4th June 2021
Jana’s UCAT score was in the tenth decile, placing her in the top 10% of all test-takers. She was fortunate enough to earn multiple offers to study Medicine and tells us how she was able to score so highly on her UCAT test.

I Got Very Organised With A Prep Spreadsheet

I didn’t know how to prepare for UCAT or where to start, so I used an excel spreadsheet to organise exactly when I was doing what. This was probably the key to my top UCAT score, which allowed me to consider a wide range of universities.

I began creating this spreadsheet by filling the top row with dates: the first date being the day I planned to start my UCAT preparation (28th June) and the last one being the date of my exam (28th august).

Next, I started filling in the tasks that I wanted to complete below the particular dates. I made sure the number of tasks was manageable, and that I was focusing on the completion of tasks rather than the number of hours spent revising.

Towards the beginning of my preparation, my task list would look something like this:

First day of prep:

Towards the middle of my prep:

Towards the end of my prep:


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I Simulated The Test Environment From The Start

From the very first few days of my preparation, I made sure that I was simulating the environment that I was going to take the test. In the long run, I was very thankful for this as it meant that the actual exam just felt like another mock which calmed my nerves immensely!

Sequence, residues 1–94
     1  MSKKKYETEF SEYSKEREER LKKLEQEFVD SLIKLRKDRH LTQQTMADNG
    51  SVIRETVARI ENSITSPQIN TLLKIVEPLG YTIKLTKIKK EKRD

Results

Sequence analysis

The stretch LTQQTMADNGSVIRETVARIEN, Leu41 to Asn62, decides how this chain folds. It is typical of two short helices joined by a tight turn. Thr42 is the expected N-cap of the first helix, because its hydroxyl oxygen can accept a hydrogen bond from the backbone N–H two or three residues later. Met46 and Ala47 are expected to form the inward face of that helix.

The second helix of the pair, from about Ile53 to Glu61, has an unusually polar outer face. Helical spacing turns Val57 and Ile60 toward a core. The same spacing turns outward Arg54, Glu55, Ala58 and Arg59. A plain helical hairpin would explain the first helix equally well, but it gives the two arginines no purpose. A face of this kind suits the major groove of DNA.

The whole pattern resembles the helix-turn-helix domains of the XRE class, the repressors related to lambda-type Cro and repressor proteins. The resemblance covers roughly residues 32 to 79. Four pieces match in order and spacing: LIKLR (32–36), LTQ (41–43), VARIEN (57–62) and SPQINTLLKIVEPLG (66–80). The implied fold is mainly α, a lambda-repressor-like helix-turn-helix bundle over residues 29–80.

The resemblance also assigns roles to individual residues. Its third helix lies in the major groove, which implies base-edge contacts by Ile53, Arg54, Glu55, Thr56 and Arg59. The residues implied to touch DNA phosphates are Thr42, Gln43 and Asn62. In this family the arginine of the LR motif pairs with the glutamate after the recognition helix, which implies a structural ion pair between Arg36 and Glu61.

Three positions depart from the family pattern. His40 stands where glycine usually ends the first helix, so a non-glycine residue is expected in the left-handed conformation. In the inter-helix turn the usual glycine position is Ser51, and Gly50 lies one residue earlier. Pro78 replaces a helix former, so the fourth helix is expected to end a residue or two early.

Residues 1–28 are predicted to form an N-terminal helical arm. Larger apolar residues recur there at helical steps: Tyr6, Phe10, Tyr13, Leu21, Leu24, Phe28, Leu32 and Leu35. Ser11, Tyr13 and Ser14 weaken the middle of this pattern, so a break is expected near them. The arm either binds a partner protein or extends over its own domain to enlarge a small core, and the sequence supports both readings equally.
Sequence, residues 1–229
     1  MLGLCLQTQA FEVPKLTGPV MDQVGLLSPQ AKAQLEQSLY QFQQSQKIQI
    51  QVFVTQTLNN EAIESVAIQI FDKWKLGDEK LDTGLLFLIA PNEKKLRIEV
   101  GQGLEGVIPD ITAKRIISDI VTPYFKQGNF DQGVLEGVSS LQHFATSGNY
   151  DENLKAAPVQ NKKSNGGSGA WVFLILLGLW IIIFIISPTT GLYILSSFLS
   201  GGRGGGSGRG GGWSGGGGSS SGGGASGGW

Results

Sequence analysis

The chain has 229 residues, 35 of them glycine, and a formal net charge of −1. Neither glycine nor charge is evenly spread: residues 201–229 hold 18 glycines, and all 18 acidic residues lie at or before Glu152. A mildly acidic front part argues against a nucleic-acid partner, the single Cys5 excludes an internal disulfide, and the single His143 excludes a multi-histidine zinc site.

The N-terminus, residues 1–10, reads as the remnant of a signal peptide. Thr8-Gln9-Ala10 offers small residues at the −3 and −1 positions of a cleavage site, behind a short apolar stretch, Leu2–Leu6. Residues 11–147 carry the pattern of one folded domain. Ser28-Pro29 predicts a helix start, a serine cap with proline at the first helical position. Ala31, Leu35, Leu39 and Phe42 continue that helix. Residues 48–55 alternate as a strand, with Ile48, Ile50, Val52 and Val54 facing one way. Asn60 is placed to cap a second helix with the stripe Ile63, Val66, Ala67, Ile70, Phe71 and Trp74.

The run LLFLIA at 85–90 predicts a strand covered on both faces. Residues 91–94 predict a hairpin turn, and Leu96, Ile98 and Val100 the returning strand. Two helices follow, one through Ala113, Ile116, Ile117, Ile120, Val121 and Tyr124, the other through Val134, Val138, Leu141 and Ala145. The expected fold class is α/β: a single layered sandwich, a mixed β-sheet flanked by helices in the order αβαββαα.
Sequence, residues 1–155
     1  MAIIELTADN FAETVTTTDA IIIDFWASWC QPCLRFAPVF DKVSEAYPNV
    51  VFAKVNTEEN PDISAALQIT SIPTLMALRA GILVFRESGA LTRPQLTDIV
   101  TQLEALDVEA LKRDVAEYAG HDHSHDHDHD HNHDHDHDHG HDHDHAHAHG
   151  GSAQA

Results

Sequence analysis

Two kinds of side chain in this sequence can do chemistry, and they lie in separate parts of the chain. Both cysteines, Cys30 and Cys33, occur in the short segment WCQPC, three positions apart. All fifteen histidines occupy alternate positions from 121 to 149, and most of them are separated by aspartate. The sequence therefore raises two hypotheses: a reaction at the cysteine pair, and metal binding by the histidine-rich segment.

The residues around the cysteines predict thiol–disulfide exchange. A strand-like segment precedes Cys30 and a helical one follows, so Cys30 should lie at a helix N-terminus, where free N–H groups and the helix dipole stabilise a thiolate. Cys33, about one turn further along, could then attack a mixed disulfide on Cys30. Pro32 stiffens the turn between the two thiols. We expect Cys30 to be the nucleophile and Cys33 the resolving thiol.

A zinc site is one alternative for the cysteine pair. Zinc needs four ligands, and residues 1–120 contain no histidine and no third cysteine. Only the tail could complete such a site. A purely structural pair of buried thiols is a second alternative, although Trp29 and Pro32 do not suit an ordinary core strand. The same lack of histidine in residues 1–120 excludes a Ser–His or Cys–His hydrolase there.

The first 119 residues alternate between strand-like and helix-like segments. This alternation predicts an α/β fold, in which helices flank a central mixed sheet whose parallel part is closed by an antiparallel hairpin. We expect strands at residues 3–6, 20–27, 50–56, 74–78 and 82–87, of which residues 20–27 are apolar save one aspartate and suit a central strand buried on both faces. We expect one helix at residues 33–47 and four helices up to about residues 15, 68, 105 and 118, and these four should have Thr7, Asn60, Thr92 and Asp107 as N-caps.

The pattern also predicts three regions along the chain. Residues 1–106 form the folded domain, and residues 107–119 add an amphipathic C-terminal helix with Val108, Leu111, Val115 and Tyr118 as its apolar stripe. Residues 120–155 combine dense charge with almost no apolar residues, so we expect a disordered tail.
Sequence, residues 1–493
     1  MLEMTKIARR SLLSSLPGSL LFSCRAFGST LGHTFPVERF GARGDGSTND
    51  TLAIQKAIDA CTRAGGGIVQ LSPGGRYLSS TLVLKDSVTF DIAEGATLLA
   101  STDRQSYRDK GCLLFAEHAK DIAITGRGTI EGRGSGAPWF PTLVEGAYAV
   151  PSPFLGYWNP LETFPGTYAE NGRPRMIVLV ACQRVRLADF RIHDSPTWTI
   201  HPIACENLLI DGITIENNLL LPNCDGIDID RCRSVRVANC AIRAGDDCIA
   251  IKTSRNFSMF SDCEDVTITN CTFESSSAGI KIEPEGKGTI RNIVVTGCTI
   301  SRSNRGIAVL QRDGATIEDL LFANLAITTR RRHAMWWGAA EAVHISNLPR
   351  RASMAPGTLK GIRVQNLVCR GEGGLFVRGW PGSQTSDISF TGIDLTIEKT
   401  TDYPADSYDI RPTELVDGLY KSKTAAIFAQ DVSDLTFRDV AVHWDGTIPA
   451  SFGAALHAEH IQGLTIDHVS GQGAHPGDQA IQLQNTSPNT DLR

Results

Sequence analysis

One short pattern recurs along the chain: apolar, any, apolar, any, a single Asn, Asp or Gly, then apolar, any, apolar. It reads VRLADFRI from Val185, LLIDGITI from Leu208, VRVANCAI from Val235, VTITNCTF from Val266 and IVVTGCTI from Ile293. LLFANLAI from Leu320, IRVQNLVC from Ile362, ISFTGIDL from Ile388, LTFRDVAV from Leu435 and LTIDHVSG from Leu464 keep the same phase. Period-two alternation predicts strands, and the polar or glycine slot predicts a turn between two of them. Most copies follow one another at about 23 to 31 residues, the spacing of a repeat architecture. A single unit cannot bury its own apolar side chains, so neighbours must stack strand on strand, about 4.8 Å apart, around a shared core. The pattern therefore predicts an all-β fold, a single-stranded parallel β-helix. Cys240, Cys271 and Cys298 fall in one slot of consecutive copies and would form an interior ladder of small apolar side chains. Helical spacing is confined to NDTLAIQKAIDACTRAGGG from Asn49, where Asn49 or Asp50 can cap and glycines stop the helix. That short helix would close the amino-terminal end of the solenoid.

This was easy to do because the UCAT question bank mirrors the test environment.

I decided to take my UCAT online as I liked the idea of doing it on my laptop, in the comfort of my own study space. Although this may not be an option for those of you taking the test in this admission’s cycle, making sure you simulate the test centre’s environment is equally as important. This involves doing the mocks with no notes or food around and making sure that you are in a quiet environment with no other distractions, even if this involves gently reminding family members that you are doing a mock!

I Reflected On My Practise

Of course, doing a lot of practice questions is beneficial, but only if you take the time to learn from your answers, both correct and incorrect.

Overall, I made sure that I spent at least 10/15 minutes at the end of each day going over my incorrect answers and actively figuring out a strategy to avoid them in the future. This is especially important when doing mocks: make sure you are writing down what you got wrong and how you’re going to avoid this mistake in future mocks.


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